Bass Guitar, 1995-1997

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According to Robert Kubey, Stephen Cooper is the "only true musician" in The Professors. Indeed, Steve earned a BA in Music Composition from Princeton University. Steve played bass guitar for the band from 1995 to 1997, bringing with him 15 years of professional "on the road" experience and co-wrote The Professors' now-classic Foucault Funk. Steve was a doctoral candidate in the School of Communication, Information, and Library Studies at Rutgers University during his tenure with the band.

Bass line by Stephen Cooper. Recorded at Suite 16 Studios, Piscataway, New Jersey, November 1997


From Radford, G. P., Cooper, S. D., Kubey, R. W., McCurry, D. S., Millen, J., and Barrows, J. R. (2002). Collaborative Musical Expression and Creativity Among Academics: When Intellectualism Meets Twelve Bar Blues. American Communication Journal [Online] Volume 6, Issue 1, Fall 2002.

A rock band in rehearsal is an intriguing example of small group communication. When the rehearsal goes well, there are clear examples of an assembly effect and process gains (Nunamaker, Dennis, Valacich, Vogel, & George, 1991). Even when the band members work well together, however, there still can be indications of process losses (Salazar, 1995; Nunamaker et al., 1991; Steiner, 1972). In other organizational or social contexts, group communication typically includes primarily verbal communication with an overlay of such nonverbal communication as paralanguage, kinesics, and proxemics. In a musical context, however, an entirely new realm of nonverbal communication is added to the group process in the form of aesthetic qualities of the performance.

This new level of nonverbal communication within the group is of extreme importance to the group’s work. Ordinarily such variables as the volume balance of the instruments, timbre (i.e., sound color), competition within the aural frequency spectrum (i.e., masking of each other’s sounds), and temporal coordination (i.e., rhythmic tightness) are thought of solely as aesthetic considerations. Such variables also yield insights into the functioning of the band as an instance of group interaction, however. Table 1, below, begins to map constructs essential to the life world of musicians, identified here in musicians’ jargon, onto related group process variables recognized in the communication literature.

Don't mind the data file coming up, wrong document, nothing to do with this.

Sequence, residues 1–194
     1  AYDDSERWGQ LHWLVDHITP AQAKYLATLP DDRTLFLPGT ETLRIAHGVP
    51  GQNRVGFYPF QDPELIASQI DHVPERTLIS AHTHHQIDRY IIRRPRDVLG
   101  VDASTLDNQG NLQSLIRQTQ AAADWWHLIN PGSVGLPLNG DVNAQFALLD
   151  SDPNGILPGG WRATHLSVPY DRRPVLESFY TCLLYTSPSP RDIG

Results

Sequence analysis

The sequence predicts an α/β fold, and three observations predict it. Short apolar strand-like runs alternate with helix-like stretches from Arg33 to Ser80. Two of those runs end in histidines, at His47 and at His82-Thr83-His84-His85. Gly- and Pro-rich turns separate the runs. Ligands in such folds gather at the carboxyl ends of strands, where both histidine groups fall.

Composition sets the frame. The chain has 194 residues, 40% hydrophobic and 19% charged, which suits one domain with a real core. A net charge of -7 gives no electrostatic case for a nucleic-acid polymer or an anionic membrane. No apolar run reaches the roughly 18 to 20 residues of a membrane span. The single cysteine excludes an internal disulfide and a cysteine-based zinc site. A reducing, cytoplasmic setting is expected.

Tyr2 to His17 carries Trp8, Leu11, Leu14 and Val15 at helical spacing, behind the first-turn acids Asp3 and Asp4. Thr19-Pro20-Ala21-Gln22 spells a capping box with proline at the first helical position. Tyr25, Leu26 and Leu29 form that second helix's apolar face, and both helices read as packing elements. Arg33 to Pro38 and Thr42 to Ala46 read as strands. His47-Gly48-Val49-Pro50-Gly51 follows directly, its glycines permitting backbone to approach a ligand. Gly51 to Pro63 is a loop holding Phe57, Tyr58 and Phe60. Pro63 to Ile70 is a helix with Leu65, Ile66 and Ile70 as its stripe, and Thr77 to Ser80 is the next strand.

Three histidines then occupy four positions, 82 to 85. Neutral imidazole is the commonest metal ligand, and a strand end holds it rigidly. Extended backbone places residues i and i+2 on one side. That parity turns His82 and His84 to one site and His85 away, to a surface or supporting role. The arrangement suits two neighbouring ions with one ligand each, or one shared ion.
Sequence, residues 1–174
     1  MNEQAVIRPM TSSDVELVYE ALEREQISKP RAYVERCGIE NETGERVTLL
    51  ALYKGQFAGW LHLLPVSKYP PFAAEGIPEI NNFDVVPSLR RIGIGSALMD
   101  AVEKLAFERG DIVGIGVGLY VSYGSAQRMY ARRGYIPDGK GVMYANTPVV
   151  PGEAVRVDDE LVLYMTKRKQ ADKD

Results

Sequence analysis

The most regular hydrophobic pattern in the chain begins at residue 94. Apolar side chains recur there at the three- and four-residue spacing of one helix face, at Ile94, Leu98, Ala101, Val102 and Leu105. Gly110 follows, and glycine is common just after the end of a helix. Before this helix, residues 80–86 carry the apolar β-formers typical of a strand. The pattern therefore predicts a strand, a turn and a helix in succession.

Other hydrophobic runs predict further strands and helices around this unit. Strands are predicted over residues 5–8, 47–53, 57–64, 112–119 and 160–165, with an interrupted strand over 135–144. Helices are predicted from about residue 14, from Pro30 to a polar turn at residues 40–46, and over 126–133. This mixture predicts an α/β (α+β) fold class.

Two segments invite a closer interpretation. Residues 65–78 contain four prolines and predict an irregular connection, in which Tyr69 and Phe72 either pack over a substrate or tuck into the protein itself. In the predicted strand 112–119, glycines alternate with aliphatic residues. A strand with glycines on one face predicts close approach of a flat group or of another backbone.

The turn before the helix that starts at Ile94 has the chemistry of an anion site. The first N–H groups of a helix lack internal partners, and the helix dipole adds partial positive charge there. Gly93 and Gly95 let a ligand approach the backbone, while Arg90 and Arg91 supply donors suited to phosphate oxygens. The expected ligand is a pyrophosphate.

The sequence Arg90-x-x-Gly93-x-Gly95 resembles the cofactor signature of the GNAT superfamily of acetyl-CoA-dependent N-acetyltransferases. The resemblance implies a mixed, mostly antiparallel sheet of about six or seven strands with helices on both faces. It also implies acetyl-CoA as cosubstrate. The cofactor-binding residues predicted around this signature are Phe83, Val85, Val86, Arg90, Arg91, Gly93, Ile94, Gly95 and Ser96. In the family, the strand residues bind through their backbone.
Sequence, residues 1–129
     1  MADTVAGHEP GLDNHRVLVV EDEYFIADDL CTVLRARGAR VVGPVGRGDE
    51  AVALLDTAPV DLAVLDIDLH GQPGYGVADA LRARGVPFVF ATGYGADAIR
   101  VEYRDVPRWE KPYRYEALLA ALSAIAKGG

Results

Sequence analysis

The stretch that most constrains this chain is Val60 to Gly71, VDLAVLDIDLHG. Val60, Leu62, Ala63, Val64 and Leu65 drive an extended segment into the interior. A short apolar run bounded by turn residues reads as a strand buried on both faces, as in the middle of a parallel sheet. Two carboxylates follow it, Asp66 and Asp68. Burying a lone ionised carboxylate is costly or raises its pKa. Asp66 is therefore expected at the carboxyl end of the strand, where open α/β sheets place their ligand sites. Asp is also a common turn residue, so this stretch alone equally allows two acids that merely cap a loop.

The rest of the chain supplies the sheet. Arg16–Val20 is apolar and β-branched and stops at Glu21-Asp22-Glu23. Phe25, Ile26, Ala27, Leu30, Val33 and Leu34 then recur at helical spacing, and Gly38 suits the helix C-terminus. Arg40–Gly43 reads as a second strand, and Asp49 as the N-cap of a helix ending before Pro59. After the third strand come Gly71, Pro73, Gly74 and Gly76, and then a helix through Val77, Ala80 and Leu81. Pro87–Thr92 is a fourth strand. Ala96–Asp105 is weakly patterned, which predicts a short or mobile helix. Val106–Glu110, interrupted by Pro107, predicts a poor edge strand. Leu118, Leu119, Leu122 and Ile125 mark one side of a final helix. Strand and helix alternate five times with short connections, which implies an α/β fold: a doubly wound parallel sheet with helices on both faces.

Table 1
Musicians’ Jargon Related to Group Process Variables
Musical ConstructGroup Process Variable
too louddominance
too busyattention blocking
drowning outblocking
rhythmic loosenesscoordination problems
not listeningfree riding
going stalecognitive inertia
in the pocketpositive synergy
out of the pocketnegative synergy
leaving holesair time fragmentation

It is quite interesting to note that variables associated in the literature with process losses may actually measure process gains in the context of a musical group. A striking example is the musicians’ practice of “leaving holes,” which can be seen as a form of air time fragmentation. While Nunamaker et al. (1991) categorize air time fragmentation as a process loss in a decision group, in a musical context “leaving holes” is a much-valued enactment of turn-taking and a significant contributor to positive synergy. By contrast, playing too much - in musicians’ jargon, “filling all the holes in the groove” - is a violation of group norms in turn-taking, is likely to contribute to negative synergy, and may well be a form of dominance, just as playing too loud is a form of dominance.

Collective Creative Process As Synergy

As performing musicians are well aware, even the most sophisticated musical notation simply cannot specify all the aesthetic information crucial to a satisfying performance of the work. Perhaps this is most apparent in classical music, where scores contain detailed information about pitch, volume, articulation (i.e., the attack and release of the notes), and tempo, yet there are striking differences between performances of the same score by different orchestras, different soloists, and different conductors. In a very real sense, then, a given classical musical performance is a time- and context-specific collective reading of a polysemic text, no matter how explicit the notation in the score.